Well, I did it. I climbed Mt. Whitney yesterday, and I have the pictures (and the overall soreness!) to prove it. I actually had no idea how hard it was going to be, or how dangerous; in fact, before this I had little comprehension of the difference between hiking Mt. Whitney (basically, walking up the trail) and climbing Mt. Whitney (actually, er, climbing, as in hanging from rocks with 100' of nothing below you).
My friend Mark Elliot and I climbed up the "moutaineer's route" to the summit, and then descended the trail back to the Whitney Portal; overall it took us about sixteen hours. I would not recommend trying to do this in one day, but we did it :)
Our day started at oh-dark-hundred in Lone Pine (actually, about 5:00AM); the peak of Mt. Whitney was barely visible in the darkness, framed by the moon.
After a big breakfast (!) and driving up to the portal, we began the hike around 0700; as we climbed up, the views back down the valley to the East were amazing.
After about two hours (and some rather, um, interesting climbing up "the ledges") we reached Lower Boy Scout Lake.
The beauty of these high meadows is incredible.
After some serious climbing - and about 3 1/2 hours after starting out - we reached Upper Boy Scout Lake. Here the foliage turns to rock, and the mountains really begin.
At this point the weather began looking iffy, and we weren't sure if we could make it to the top. Fingers crossed, and much scrambling over the talus ensued.
Finally, five hours after starting, we reach Iceberg Lake. Now the serious fun began, and man I must tell you, looking up at those peaks is intimidating!
We stopped here for lunch, taking in the scenery while refueling. Fortunately we were not affected by the altitude; although people frequently camp here you are warned about altitude sickness. We also met some of the locals...
Then onward; about 2,000' left, much of it seemingly straight up (!). Now the difference between hiking and climbing really became apparent. Making things even more fun, the East chute was filled with some icy snow. Whoa.
Still we proceeded slowly and methodically, and made it to the notch. After 6 1/2 hours, we are nearly there. The views in every direction are unbelievable, and you must try not to think about the exposure.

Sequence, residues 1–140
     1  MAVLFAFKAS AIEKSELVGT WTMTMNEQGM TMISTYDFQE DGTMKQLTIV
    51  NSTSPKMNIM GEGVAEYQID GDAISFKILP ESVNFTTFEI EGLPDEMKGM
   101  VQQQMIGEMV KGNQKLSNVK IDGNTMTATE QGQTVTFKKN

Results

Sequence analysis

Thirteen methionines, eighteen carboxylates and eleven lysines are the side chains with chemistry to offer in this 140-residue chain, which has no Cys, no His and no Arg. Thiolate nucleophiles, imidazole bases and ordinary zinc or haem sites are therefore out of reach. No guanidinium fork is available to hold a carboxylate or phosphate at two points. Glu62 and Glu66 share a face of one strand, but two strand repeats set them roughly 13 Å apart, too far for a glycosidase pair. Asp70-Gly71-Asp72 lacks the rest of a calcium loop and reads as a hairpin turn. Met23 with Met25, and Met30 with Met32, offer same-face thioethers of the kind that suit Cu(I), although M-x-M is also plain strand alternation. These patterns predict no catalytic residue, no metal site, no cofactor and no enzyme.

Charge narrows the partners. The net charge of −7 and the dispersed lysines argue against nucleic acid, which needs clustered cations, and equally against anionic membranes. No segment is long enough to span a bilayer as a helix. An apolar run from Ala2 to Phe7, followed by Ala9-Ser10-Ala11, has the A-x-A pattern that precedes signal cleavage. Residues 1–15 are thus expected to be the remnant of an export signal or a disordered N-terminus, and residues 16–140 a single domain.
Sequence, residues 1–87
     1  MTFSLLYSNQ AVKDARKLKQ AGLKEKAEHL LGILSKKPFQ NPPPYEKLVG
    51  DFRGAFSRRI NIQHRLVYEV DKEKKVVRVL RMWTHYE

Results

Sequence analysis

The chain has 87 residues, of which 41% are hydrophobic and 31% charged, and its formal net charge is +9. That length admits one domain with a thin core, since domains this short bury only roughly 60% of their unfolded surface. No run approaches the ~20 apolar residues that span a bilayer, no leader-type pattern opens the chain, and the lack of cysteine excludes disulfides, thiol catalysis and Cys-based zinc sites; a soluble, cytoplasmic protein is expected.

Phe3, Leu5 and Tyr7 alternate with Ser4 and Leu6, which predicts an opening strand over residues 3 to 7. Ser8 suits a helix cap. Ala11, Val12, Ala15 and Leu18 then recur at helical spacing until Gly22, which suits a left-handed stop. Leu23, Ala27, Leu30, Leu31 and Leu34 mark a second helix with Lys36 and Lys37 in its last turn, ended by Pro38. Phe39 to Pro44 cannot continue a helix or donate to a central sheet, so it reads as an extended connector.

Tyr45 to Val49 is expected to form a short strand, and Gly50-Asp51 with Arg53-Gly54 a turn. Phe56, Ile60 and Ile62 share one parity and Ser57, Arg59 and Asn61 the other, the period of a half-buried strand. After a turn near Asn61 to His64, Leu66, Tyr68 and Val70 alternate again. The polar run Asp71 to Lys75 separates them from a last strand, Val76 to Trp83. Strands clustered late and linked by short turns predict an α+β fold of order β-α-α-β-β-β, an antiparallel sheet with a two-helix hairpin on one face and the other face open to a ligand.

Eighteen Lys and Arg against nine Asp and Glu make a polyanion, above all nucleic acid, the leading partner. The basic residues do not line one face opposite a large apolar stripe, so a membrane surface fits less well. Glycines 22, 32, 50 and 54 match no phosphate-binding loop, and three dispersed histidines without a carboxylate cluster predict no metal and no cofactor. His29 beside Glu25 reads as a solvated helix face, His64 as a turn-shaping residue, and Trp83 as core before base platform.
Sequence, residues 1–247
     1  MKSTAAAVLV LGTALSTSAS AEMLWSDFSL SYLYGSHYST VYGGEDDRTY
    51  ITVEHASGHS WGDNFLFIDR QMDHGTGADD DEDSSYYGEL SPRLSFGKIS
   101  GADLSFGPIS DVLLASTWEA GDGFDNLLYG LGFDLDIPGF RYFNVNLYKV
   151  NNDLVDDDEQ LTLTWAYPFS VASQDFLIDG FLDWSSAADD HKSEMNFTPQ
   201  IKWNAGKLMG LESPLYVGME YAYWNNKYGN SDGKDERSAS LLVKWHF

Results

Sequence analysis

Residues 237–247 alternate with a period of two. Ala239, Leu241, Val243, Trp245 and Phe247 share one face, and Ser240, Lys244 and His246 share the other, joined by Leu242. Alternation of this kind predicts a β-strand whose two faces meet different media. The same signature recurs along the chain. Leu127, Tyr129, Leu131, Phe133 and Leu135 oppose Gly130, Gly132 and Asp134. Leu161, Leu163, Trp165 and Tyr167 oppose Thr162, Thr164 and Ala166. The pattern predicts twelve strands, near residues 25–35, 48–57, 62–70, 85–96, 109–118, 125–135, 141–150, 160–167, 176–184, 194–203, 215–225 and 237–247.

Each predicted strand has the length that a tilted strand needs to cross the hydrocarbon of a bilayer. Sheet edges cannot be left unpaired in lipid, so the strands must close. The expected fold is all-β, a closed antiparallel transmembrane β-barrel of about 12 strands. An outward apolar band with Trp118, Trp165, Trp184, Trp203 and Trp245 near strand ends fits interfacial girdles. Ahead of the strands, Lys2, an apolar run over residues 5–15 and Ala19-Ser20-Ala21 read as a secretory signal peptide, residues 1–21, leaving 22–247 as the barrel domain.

Now there was a little matter of climbing the North face to the summit. This is considered a "class 3" climb, but whatever you call it, this is serious. It just doesn't do to think about falling.
Fortunately Mark is an experienced climber, and a solid guide. We took our time and he roped us through a particularly tricky section, entering the face. I must say in retrospect this was the best part of the climb; methodically working our way from hold to hold. There were some really cool sections, including a 'chimney' to wedge through near the top, and it was really fun. I really like rock climbing, who knew?
That picture of me at the top of this post was taken by Mark, about halfway up the North face. Woo hoo. So after a very concentrated hour, we made it! Eight hours after starting out, and 6,000' higher.
The feeling of vertical dimensionality you get, standing at the highest point in the U.S, looking down in every direction is hard to explain. Of course I've looked out an airplane window, but this is pretty different. The volumes of air are apparent, and the Earth looks curved.
After gazing for a while and eating and drinking, we took off back down the Whitney Trail; 11 miles of switchbacks. The trail begins by heading South behind the Keeler Needles and Mt. Muir, before joining the Muir Trail at the "Trail Crest".
At that point the trail heads down and East, along a different valley to the one we climbed up. The views back along the ridge toward the peaks were incredible; it was hard to believe we had been standing "up there" just two hours ago.
The path down the remainder of the valley was long but amazingly beautiful in the fading light...
Six hours later, we were back at the car; no problem :) So, eight hours of
And I may ask myself, how did I get here?